Here’s hoping that policies will get a fair airing
Prime Minister Julia Gillard has done the right and brave thing in telling the country when the election will be. Right because it focuses the year on policy and takes the focus off process.
Brave because it cedes her prime ministerial prerogative to keep Tony Abbott guessing.
What makes this such a critical election for Australia is that the dividing lines between the two parties are so incredibly stark. These policy differences deserve a fair airing. The unorthodox announcement of the election date now, at the beginning of a long year, makes that possible.
Anyone who has been around federal politics as long as me knows the boring fare of an election year in jurisdictions where the date is unfixed. Analysts go to extraordinary lengths to attribute movement in any piece economic data through the frame of election uncertainty.
It gets ridiculous. Every day the papers are filled with this business group or that, this opposition politician or that, calling for a date to be fixed to give the country ‘certainty’.
Well now they have it. Barring some extraordinary event or something genuinely out of the Prime Minister’s hands, everyone in Australia can plan on the basis the election is 14 September.
Businesses can invest on that basis, families can factor it in. And both football grand final weekends have been spared, so even that bit of uncertainty has been removed.
So now with the usual election year uncertainty over timing gone, we can cross our fingers for an ideas election.
An election that pits against each other dramatically different visions of how we grow and share prosperity; how best we reform our schools and disability services; how we arrange our industrial relations; and how we re-prioritise the Budget to pay for things when the tax take is historically low.
It’s a big test for Tony Abbott, who has relied on process and politics, smear and slogan, naysaying and negativity for so long that he can’t find a new cloak of positivity that fits his frame.
Gone now is any excuse for vague generalities instead of properly constituted policies. He has all the time he needs to properly cost and fund his plans. This raises the bar on Joe Hockey too, who so far has lacked the work ethic or influence over his colleagues to make the necessary savings.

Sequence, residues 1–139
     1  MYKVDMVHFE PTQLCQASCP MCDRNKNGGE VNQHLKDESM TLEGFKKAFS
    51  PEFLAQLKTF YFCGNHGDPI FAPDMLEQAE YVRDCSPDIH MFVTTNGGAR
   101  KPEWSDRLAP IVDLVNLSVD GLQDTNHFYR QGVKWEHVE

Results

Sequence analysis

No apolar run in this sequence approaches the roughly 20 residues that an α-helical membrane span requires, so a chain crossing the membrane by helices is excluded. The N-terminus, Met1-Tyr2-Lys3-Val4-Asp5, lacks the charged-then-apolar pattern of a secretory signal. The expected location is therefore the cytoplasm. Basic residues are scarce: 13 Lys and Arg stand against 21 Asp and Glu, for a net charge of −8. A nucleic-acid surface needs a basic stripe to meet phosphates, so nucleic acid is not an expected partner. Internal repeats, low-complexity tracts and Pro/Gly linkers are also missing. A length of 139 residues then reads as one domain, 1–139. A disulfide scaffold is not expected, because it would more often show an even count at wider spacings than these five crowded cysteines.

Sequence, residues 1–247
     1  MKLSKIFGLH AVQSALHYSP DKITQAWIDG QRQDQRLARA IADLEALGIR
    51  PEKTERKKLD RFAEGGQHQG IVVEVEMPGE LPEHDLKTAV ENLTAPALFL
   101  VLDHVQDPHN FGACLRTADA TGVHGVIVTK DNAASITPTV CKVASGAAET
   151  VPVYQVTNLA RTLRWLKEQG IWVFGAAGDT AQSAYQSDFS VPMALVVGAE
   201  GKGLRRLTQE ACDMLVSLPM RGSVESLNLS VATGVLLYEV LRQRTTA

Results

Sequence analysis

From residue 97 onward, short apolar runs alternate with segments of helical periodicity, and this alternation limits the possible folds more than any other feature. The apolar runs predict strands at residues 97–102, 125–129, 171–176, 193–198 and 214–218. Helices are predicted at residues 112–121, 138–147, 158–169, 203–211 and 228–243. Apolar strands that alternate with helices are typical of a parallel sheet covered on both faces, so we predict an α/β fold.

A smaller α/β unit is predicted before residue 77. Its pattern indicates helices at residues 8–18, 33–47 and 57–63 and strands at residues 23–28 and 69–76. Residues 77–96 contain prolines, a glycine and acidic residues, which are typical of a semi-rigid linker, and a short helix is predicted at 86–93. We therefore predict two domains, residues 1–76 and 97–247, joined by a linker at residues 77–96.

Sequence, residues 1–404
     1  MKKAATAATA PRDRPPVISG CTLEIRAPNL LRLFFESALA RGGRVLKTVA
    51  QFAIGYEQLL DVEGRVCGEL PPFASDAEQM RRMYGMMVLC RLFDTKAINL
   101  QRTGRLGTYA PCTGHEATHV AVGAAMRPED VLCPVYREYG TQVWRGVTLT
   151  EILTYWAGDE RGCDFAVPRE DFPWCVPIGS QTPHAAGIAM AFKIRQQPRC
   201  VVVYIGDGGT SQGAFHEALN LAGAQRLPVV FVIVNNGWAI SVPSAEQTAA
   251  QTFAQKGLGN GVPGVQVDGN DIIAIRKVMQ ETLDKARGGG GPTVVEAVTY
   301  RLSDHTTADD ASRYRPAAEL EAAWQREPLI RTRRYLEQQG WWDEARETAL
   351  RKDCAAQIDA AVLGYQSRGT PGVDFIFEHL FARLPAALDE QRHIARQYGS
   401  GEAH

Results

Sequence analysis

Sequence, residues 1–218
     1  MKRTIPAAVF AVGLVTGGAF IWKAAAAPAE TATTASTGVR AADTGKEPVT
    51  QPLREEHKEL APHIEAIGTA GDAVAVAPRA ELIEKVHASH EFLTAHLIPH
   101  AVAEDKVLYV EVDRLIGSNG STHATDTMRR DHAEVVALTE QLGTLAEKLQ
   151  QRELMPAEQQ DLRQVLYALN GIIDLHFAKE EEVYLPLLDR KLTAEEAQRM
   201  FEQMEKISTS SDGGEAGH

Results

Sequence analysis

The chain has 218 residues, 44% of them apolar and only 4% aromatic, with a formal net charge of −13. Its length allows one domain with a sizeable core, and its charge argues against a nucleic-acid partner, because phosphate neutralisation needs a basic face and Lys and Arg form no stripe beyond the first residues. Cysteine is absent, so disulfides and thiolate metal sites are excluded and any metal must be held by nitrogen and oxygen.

No longer can Coalition politicians fill their doorstop interviews with the process and politics of election timing when so much of that conversation has now been taken away.
Starting tomorrow, this clears the way for a detailed policy plan from Abbott in his National Press Club speech. It needs to be far more substantial than the platitudes he spoke to the people of Western Sydney last weekend.
Abbott has been chasing an early election for two years now, beginning in the immediate aftermath of the last one. His entire political strategy has been built on it, cloaked in the language of certainty and predictability.
Since the implementation of the carbon price it’s been clear that negativity has a shelf-life and Abbott has reached it. Barring extraordinary events he’s left without an early election but with the certainty he claims the nation craves.
A longer run-up to the election suits Gillard and the country simultaneously. She has more policy runs on the board to date and a more substantial plan for the rest of the year which encompasses schools and disability reform, fiscal responsibility and more.
The extraordinary announcement of the election date so early shows how desperate she is for an argument over policy.
This will also be a big test for the commentariat. Having spent the summer calling rightly for an election year that debates the big issues, they now have a choice. They have almost nine months now to help ensure the country focuses on policy. Or they can criticise her on process grounds, for showing her cards so early in the game.
I hope for a focus on policy but form points to politics. Gillard will be criticised for ceding a prime ministerial advantage. Some will say the uncertainty over the outcome remains and we should have an election sooner rather than later.
The PM has done well to ignore them.
Of course, four year fixed terms would fix this for good. But in today’s combative political environment and with insufficient momentum for this type of constitutional change this reform remains on the distant horizon.
More than anything, longer fixed terms would deliver the certainty people crave without the bold and necessary theatrics of the Prime Minister’s January surprise.
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